How to troubleshoot in Linux?

Boot Issues: Check boot logs (dmesg, journalctl -xb), bootloader configuration (grub.cfg).

Networking: Verify network configuration (ifconfig, ip addr), check connectivity (ping, traceroute), review firewall settings (iptables).

Performance: Monitor system resources (top, htop, vmstat), check disk usage (df -h), identify CPU or memory bottlenecks.

Disk Space: Check disk usage (df -h), identify large files/directories (du -sh).
Permissions: Verify file/directory permissions (ls -l, getfacl), ensure correct ownership (chown, chgrp).

Software Installation: Check package installation (dpkg, rpm, apt, yum), verify dependencies.
Service Management: Restart services (systemctl restart <service>), check service status (systemctl status <service>).

Logging and Monitoring: Review system logs (/var/log), use monitoring tools (sar, sysstat, Prometheus, Grafana).

Hardware and Drivers: Check hardware status (lspci, lsusb), verify driver status (lsmod, modprobe).

User and Group Management: Verify user permissions (groups, id), manage user accounts (adduser, usermod, deluser).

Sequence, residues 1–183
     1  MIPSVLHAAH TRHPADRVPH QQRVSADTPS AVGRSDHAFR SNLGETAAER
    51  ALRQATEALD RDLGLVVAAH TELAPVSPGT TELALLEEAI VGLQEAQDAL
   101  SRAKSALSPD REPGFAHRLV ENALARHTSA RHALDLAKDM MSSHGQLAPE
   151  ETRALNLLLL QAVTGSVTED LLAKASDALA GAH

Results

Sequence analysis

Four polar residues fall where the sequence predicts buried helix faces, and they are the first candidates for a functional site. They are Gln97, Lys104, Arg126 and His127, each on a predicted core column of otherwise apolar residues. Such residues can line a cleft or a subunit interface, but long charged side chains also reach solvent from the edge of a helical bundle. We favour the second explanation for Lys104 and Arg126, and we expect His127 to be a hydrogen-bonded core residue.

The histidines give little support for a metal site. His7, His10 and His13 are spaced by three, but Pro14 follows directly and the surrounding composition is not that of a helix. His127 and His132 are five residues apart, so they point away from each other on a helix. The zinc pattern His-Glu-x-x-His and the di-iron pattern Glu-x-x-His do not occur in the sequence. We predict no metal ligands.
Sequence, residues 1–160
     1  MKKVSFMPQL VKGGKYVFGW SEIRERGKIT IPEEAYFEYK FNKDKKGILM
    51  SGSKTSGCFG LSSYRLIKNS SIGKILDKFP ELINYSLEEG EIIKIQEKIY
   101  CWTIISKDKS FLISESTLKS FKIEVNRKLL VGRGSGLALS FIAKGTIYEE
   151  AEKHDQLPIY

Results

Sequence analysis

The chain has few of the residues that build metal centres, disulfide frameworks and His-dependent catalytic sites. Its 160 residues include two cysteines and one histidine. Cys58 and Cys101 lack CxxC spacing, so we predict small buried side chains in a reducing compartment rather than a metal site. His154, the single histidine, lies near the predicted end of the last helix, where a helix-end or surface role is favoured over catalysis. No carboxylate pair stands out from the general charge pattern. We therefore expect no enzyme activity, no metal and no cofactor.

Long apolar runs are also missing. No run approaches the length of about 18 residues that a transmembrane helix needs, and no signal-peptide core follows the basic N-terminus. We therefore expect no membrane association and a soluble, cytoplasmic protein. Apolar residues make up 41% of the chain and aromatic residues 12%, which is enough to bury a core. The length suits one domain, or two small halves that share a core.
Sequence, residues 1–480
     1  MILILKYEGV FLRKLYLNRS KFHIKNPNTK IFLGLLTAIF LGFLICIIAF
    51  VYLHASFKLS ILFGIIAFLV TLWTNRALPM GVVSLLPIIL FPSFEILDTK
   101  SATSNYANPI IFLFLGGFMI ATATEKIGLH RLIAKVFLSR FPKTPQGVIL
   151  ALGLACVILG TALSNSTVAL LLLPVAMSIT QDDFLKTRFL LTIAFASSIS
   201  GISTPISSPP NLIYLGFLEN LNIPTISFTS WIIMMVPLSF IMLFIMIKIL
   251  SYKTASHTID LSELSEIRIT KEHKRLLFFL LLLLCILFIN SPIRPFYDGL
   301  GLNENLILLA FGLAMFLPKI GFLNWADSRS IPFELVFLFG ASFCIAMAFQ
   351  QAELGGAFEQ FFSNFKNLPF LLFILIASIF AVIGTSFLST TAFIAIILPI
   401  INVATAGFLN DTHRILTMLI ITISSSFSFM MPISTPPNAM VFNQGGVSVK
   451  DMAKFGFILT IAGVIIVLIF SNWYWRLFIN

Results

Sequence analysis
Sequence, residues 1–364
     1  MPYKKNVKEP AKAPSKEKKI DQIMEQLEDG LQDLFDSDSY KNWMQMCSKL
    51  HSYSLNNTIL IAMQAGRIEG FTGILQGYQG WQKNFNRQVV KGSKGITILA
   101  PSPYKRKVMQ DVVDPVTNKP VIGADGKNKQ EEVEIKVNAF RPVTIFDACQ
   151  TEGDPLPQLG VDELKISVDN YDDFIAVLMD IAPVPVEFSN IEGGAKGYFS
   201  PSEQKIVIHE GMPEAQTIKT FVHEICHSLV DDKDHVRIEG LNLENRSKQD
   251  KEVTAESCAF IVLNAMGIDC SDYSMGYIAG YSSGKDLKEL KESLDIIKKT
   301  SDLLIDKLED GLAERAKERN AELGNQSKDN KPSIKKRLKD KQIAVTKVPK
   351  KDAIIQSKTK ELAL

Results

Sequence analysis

• dmesg – Displays the kernel ring buffer messages.
  • journalctl – Views and manages systemd journal logs.
  • ls – Lists directory contents.
  • ps – Lists currently running processes.
  • top – Displays real-time system information, including CPU and memory usage.
  • htop – Interactive process viewer and system monitor.
  • df – Shows disk space usage.
  • du – Displays disk usage for files and directories.
  • free – Shows memory and swap usage.
  • uptime – Displays system uptime and load averages.
  • netstat – Shows network statistics, connections, and routing tables.
  • ifconfig – Displays network interface configuration.
  • ip – Shows or manipulates routing, devices, policy routing, and tunnels.
  • ping – Sends ICMP Echo Request packets to a network host.
  • traceroute – Prints the route packets take to a network host.
  • lsof – Lists open files and the processes that opened them.
  • ps – Lists information about processes.
  • kill – Sends a signal to terminate processes.
  • systemctl – Controls systemd services (e.g., start, stop, enable, disable).
  • grep – Searches for patterns in files or input.
  • tail – Outputs the last part of files.
  • cat – Concatenates and displays files.
  • less – Displays text files with pagination.
  • find – Searches for files and directories.
  • cp – Copies files and directories.
  • mv – Moves or renames files and directories.
  • rm – Removes files and directories.
  • chmod – Changes file permissions.
  • chown – Changes file owner and group.
  • ssh – Securely connects to a remote server.
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